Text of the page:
neptronix whose future is uncertain since the API has been in flux for years, and will continue to be
Flarum's UX and UI have been stable for several years now, but we've kept the beta label (which hurts adoption btw) for precisely this reason. After we release stable, we would only include breaking changes (and hopefully somewhat minimal ones at that) quite sparingly. In the backend, the use of extenders as public API means that BC layers should be quite simple to introduce and maintain.
I think the recent beta 14 update actually illustrates this rather well. That update switched from v0.2 to v2.0 of Mithril, effectively breaking every single extension that has a frontend component (most of them). And unlike breaking changes originating from Flarum core code, where we could try and stagger it out, document it well, and provide a lot of examples, this was very "all at once". I doubt we'll have a breaking update as broad and challenging for the forseeable future (Mithril and Laravel are pretty stable). And despite all that, the ecosystem has (almost) completely moved past it!
neptronix 99% of Flarum admins and users will want it. And the only way to get that feature is through an add on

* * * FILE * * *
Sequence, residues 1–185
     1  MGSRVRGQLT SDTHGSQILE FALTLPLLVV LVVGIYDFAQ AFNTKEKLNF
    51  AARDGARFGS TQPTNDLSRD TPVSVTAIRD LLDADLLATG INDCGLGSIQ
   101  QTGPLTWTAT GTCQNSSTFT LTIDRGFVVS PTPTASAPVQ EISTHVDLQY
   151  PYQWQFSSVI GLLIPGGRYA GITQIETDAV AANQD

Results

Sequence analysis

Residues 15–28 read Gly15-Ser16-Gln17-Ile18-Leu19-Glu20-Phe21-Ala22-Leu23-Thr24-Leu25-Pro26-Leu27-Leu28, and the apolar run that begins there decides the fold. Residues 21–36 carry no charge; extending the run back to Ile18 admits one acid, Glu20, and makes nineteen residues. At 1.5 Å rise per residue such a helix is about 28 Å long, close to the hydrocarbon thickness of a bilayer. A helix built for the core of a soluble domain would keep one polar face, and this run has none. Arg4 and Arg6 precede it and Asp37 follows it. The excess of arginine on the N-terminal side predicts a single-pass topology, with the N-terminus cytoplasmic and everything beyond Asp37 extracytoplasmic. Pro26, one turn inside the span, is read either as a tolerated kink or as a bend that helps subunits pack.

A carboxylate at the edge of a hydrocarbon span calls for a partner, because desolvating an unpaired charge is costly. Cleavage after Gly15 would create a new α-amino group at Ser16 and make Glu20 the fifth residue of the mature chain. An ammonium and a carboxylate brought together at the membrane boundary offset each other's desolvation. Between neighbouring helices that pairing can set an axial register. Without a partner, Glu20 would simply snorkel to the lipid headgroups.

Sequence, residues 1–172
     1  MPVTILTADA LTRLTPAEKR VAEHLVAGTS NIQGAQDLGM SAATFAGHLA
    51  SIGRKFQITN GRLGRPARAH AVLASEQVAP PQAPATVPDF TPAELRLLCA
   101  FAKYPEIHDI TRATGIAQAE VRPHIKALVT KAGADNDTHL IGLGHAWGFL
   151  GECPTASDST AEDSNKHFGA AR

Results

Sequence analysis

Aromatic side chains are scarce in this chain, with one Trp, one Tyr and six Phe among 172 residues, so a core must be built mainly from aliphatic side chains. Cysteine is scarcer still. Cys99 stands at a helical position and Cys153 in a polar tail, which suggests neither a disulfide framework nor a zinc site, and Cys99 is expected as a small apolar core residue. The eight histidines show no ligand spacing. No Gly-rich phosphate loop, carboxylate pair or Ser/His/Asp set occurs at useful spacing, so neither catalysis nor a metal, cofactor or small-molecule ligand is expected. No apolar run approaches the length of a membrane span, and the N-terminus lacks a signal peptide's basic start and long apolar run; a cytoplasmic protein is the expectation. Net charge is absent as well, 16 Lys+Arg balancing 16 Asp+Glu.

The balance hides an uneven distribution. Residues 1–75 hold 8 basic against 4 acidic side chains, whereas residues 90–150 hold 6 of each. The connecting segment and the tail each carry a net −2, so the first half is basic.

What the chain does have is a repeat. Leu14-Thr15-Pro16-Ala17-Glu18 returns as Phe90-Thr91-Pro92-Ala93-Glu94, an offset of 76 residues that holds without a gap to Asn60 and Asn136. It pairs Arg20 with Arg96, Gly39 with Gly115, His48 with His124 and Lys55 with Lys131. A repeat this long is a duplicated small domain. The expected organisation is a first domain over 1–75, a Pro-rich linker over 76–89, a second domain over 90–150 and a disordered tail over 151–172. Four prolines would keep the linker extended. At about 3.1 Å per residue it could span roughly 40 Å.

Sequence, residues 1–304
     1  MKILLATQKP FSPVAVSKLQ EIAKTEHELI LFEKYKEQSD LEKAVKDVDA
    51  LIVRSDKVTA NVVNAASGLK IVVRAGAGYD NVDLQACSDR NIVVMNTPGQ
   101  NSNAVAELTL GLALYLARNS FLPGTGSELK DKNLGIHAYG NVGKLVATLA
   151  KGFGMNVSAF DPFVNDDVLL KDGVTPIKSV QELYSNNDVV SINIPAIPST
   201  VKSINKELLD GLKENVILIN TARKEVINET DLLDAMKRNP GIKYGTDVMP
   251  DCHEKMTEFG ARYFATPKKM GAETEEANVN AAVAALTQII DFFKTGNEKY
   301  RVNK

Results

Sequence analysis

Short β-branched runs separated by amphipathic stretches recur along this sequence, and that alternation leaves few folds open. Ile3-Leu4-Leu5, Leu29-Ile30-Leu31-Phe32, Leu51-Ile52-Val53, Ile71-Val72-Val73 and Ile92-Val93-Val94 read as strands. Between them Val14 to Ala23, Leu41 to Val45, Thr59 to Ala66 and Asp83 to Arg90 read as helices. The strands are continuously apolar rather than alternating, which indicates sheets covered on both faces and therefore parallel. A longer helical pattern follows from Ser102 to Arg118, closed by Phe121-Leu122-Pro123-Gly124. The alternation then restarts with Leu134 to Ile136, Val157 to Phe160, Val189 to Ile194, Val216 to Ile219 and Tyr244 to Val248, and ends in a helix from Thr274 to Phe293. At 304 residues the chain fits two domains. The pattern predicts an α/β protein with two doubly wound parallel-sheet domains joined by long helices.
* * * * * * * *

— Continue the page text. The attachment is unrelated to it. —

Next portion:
As is the case with tags, mentions, subscriptions, and a good deal of moderation tools. We treat extensions as first class citizens, and a lot of discussion about how extensions would be affected goes on behind the scenes before changes are made. EvilExecutor's idea of maintaining and including bundled extensions is already in play, with 16 bundled extensions (including the aforementioned) that cover a broad overview of the extension API included and enabled by default in Flarum installs. And that actually brings me to:
neptronix This 'small core over all other considerations' mentality is good for your development team, because it minimizes the work you need to do to maintain the platform... but it's a negative for the people who will be running the platforms. Your needs and the needs of people using your platform are of equal importance.
That's actually something I highly disagree with. By keeping core minimal and small:
- There's less public API that could encounter breaking changes
- Community extensions can iterate and develop faster, as they're not bound by the core dev cycle
- There's a LOT less technical debt that would require us to rewrite big parts of core, meaning that breaking changes are much simpler and easier to fix
It's a very unconventional model for the forum world, where monolithic behemoths like phpBB have set the standard for so long. But the more I've worked with it, the better I'm convinced that it's the right way to handle this.